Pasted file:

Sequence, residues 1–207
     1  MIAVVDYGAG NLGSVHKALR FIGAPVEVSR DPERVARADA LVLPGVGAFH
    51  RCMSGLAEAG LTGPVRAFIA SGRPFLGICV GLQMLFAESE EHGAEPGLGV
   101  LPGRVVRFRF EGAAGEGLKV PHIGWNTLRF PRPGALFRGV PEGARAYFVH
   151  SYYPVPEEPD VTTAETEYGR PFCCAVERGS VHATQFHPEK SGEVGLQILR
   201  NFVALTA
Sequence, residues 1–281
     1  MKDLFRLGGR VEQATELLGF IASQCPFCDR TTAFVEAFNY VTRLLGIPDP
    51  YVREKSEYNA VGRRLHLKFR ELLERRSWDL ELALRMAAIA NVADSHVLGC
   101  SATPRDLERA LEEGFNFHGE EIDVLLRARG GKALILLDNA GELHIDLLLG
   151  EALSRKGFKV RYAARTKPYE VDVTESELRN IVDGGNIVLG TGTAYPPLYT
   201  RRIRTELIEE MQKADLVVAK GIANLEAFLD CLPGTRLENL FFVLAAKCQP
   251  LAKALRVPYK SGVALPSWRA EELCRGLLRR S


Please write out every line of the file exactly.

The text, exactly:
Sequence, residues 1–207
     1  MIAVVDYGAG NLGSVHKALR FIGAPVEVSR DPERVARADA LVLPGVGAFH
    51  RCMSGLAEAG LTGPVRAFIA SGRPFLGICV GLQMLFAESE EHGAEPGLGV
   101  LPGRVVRFRF EGAAGEGLKV PHIGWNTLRF PRPGALFRGV PEGARAYFVH
   151  SYYPVPEEPD VTTAETEYGR PFCCAVERGS VHATQFHPEK SGEVGLQILR
   201  NFVALTA
Sequence, residues 1–281
     1  MKDLFRLGGR VEQATELLGF IASQCPFCDR TTAFVEAFNY VTRLLGIPDP
    51  YVREKSEYNA VGRRLHLKFR ELLERRSWDL ELALRMAAIA NVADSHVLGC
   101  SATPRDLERA LEEGFNFHGE EIDVLLRARG GKALILLDNA GELHIDLLLG
   151  EALSRKGFKV RYAARTKPYE VDVTESELRN IVDGGNIVLG TGTAYPPLYT
   201  RRIRTELIEE MQKADLVVAK GIANLEAFLD CLPGTRLENL FFVLAAKCQP
   251  LAKALRVPYK SGVALPSWRA EELCRGLLRR S